In our series, we're exploring different ways people practice faith and religion around the globe. In this installment, we go on a journey to Konya, Turkey, to witness some Sufi Muslims' unique form of prayer.
Sufi Muslims are famous for their spiritualism, tolerance — and whirling. The whirling dervishes are followers of a school of Islamic practice who engage in a form of prayer that requires the faithful to spin until they've reached a kind of religious ecstasy.
Most dervishes are men, but women and even non-Muslims can whirl, CBS News correspondent Holly Williams reports.
"The music goes faster and faster and you listen to that music and that rhythm, and you spin faster and in that moment you cannot control around you — you don't know where is right and where is left. You're non existence in this world," Dervish Mehmet Mithat Ozcakil, a third generation Dervish, told Williams. "... You want to be with God."
Once a year, thousands of Sufi Muslims make the pilgrimage to Konya, Turkey, to visit the shrine of the most famous whirler of all: the poet Rumi.
Rumi lived in Konya during the 13th century, but nearly eight centuries later, his poems are still best sellers, including in the United States.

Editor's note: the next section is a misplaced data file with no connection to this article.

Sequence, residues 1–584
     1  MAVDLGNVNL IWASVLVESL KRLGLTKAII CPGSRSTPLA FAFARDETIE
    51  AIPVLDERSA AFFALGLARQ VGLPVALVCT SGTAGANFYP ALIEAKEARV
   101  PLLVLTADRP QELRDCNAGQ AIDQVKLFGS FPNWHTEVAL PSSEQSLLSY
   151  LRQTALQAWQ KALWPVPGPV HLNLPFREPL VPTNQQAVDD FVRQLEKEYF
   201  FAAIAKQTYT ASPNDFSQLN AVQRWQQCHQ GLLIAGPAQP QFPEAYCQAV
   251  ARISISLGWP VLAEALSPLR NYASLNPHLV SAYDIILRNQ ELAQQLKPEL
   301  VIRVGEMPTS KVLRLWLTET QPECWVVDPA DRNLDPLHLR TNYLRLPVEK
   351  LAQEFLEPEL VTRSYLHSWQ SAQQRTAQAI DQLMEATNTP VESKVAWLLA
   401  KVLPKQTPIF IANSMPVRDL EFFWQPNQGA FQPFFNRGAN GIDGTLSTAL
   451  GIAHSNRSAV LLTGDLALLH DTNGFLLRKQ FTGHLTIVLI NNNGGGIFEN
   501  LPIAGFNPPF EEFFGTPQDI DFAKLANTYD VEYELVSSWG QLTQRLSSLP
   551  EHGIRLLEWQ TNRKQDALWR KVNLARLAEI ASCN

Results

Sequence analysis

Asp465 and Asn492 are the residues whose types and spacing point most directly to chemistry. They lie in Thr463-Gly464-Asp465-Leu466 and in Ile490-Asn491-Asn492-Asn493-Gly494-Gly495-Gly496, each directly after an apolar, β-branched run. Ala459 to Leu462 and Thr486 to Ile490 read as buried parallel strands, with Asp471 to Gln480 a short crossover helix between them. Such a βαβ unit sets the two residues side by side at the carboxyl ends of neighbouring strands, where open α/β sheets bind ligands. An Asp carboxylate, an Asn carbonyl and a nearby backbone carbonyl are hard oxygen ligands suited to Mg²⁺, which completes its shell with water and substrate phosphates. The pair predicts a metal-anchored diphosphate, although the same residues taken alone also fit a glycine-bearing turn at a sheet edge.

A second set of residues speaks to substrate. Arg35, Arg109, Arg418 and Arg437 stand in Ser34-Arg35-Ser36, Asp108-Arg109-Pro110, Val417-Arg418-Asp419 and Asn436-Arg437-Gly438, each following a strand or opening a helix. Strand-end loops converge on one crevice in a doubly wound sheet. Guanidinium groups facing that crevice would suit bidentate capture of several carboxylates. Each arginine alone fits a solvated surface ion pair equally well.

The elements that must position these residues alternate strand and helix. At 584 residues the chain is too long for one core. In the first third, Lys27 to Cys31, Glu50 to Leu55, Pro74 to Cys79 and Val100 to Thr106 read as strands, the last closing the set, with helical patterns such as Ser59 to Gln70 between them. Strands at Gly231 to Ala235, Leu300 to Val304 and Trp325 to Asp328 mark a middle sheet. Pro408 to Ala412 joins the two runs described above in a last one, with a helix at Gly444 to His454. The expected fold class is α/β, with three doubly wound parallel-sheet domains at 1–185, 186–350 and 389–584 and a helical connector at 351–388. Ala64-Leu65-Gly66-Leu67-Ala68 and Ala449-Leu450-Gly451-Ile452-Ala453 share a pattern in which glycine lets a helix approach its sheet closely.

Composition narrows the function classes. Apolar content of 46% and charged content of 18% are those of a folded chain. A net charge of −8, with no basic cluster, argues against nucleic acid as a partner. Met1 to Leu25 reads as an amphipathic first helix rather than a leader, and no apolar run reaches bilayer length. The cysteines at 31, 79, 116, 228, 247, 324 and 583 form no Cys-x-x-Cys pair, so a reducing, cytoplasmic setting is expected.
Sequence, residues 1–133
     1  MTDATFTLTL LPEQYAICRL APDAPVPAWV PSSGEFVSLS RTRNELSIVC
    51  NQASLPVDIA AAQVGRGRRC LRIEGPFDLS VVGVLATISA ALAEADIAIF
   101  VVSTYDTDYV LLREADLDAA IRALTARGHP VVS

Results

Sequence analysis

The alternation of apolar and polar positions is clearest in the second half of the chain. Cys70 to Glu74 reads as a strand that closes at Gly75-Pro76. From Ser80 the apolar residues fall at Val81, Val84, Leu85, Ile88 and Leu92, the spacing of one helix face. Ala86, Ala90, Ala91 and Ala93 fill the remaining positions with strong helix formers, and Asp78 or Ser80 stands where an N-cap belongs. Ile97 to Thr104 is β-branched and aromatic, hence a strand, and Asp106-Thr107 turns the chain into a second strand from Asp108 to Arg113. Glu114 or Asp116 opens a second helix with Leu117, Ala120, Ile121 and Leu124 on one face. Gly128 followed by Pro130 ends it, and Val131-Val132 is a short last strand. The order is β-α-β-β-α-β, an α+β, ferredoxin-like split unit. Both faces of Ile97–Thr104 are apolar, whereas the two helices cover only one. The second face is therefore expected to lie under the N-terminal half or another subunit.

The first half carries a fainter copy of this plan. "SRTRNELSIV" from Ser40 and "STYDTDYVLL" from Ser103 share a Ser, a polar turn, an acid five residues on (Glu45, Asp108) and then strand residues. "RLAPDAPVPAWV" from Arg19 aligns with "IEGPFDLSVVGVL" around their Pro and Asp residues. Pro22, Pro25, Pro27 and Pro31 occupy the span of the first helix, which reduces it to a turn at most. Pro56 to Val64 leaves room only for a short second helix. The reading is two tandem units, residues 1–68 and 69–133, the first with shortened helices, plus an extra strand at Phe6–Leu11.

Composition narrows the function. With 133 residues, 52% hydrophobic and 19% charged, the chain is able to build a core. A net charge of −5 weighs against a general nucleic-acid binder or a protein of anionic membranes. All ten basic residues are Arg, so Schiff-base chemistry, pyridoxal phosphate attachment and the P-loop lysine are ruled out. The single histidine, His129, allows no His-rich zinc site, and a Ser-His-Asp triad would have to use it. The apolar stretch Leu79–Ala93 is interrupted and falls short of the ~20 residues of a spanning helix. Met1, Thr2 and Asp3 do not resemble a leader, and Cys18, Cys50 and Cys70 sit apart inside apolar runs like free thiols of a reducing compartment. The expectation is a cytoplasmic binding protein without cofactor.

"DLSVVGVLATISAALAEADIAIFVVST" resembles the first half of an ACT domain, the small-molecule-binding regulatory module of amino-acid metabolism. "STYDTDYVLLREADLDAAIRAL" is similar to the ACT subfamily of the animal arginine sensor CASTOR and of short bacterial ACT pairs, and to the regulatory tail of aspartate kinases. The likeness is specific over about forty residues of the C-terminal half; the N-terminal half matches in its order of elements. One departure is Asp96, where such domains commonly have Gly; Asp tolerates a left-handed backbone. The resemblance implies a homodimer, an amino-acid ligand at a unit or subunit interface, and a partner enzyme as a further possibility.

Today, pilgrims come from all over the world to visit Rumi's shrine.
"I don't have to pretend to be anything that I'm not, and nobody's judging me for it," said Hafsa Mitha, a pilgrim visiting from England.
Mitha told Williams that Sufi Islam is very different from the type of Islam that she practiced growing up.
"Here it's more about your heart, and who you are and your humanity, your compassion, not that — you know the Islam I grew up with taught me all of those things — but not with — probably more with fear than with love."
Rumi and the Whirling Dervishes are now an industry in Konya. Trinkets of the twirling worshipers are sold, and tourists strike poses in front of Dervish statues. The Dervishes say they're happy for any opportunity to spread their message.
"Rumi has a famous quotation: 'Come, come whoever you are, your religion is not important,'" Mehmet told Williams. "The Dervishes, the Sufi style, the most important thing is your heart."
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